Why Elf 2 Wouldn’t Work

Quite often it’s seen that a single person can’t really carry a movie on their own, even if fans would disagree and insist that one person can make a movie what it is. Elf has been a cinematic holiday staple for quite a while now, as it’s right up there with National Lampoon’s Christmas Vacation and Home Alone as one of the movies that people absolutely have to watch when it comes to the holidays. It does pay to be a Will Ferrell fan while watching this since if you’re not, well, there’s a good chance that this might not be your favorite movie but it still has its charms. But coming up with a second movie kind of begs the question of why and what it would actually look like since to be fair, the first movie wrapped up nicely from start to finish and didn’t really need another story. But as it happens, a lot of people tend to want to know what happened to the characters after the story is over, what they ended up doing, and so on and so forth. 

Seriously, some folks don’t get the feeling of contentment from seeing the credits roll after an enjoyable tale and want to hear more rather than move on. But it does sound as though Faizon Love, the manager, was actually interested in bringing this idea back, but it’s hard to see how it could be made without Will Ferrell, who already turned the idea down when it was presented to him. Whatever people want to say, it does sound as though Ferrell made the decision to stay away from the sequel due to the fact that he didn’t think the story was worth telling again, even if the script might have been just different enough to work. The thing is, making another movie doesn’t work without the star, and if James Caan isn’t there and the rest of the cast isn’t there, then it’s kind of pointless.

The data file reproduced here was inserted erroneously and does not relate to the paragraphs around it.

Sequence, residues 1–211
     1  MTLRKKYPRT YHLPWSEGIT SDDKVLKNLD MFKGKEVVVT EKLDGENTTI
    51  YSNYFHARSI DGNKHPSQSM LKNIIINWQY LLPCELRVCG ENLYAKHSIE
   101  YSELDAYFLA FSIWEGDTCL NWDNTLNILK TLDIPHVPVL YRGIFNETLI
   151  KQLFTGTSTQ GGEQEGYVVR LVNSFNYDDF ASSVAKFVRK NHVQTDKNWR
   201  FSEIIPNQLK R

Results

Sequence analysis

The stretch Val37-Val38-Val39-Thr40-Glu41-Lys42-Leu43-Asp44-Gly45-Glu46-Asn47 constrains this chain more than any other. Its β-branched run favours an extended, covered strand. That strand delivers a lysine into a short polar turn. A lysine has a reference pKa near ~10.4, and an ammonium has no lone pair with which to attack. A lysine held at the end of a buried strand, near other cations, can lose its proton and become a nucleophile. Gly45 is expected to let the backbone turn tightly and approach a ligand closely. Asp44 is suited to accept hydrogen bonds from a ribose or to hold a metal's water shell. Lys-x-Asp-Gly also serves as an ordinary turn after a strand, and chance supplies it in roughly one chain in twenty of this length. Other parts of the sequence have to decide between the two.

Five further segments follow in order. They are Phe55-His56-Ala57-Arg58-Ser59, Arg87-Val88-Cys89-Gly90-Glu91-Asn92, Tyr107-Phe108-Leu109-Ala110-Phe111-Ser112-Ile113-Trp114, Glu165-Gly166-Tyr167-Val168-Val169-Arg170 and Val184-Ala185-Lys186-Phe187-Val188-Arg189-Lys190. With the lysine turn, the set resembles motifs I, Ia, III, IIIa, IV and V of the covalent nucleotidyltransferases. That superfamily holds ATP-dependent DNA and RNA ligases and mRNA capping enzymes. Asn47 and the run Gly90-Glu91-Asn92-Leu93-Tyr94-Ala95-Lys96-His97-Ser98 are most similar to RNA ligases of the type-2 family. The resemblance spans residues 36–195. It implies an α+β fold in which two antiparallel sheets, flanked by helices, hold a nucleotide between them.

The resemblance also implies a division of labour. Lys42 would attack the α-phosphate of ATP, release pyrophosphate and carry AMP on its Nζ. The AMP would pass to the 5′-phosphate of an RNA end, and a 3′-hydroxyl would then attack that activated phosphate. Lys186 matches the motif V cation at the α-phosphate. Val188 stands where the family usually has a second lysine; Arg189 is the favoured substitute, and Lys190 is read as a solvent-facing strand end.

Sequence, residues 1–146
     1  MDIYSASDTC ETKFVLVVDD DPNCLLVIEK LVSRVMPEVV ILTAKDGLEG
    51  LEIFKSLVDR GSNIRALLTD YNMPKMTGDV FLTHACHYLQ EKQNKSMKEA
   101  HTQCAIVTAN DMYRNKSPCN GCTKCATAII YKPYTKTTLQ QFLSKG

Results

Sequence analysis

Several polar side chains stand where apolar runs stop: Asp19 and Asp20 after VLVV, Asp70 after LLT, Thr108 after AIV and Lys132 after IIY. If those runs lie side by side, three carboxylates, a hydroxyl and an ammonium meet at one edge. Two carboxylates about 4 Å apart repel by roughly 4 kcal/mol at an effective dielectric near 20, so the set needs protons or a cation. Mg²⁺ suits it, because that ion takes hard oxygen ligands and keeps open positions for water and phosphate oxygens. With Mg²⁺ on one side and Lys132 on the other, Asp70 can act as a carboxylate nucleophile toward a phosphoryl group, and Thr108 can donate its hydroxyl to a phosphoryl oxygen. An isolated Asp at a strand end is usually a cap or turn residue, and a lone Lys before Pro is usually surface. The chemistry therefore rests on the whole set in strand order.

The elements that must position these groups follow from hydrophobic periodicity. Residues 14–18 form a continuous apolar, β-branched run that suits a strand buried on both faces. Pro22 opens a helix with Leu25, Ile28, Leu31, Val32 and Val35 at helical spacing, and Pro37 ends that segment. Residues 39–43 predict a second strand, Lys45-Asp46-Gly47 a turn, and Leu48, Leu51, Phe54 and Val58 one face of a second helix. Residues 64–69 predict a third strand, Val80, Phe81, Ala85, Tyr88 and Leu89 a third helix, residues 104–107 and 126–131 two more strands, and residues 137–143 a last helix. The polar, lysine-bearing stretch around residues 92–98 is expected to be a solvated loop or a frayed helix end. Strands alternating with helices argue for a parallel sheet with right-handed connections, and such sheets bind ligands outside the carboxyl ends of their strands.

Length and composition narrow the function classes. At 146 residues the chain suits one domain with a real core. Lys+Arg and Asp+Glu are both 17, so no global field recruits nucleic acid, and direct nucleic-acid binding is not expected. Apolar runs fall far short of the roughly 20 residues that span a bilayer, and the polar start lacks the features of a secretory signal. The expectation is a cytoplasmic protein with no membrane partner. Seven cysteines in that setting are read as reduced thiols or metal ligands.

That would hopefully be the end of the conversation at that point, but this is show business, and sometimes the ideas that don’t make a lot of sense manage to stick around for a little too long. When they’re allowed to stick around that long it becomes possible for someone with the ambition to do something, anything, to keep their career going, and this means that some ideas that have been floating for just long enough get picked up. But going back to Elf 2 at this time might sound possible to some and even sound like a good idea to others, but it’s probably best to leave the idea where it is, at the edge of maybe and maybe not, especially since it would appear that the lead actor doesn’t want to go through with it. There’s not a lot of doubt that someone could take the script and work with it in a way that might make sense to a lot of people, but it does stand out as one of the stories that people should probably just leave alone since there’s more sense in letting it sit than allowing it to be developed and turn into something that won’t make nearly as much money as the first movie. 

It might sound like a blasphemous thought, but maybe one of these days a reboot would be in order, perhaps long after Will Ferrell is retired and/or passed on, since at this time it feels as though initiating a reboot would require his permission, not from a legal standpoint but from one that might appease the fans. For now though, no matter how much people might want it, Elf 2 isn’t likely to happen, and if it does, then it’s a huge mistake in the making that would likely only make money if people were willing to delude themselves into thinking that it was even comparable to the first movie. Harsh as that might sound, the truth is that some movies tend to belong in the category labeled ‘One and Done’, since any attempt at a sequel is going to be more than a little difficult and ill-advised given that the first movie was either just barely good enough that it managed to entertain the fans, or it was near-perfect and doesn’t need to be touched upon again. 

A lot of people don’t tend to subscribe to such a line of thinking since sequels have been rampant for many years now, but the trick with sequels is that one needs to tell a story that requires more than one movie to wrap everything up. Elf said what it had to say in one movie and that was the end of it. Things might not have been one hundred percent perfect, but they were good enough that the first and only movie could stand on its own and become a classic without any help from a sequel. 

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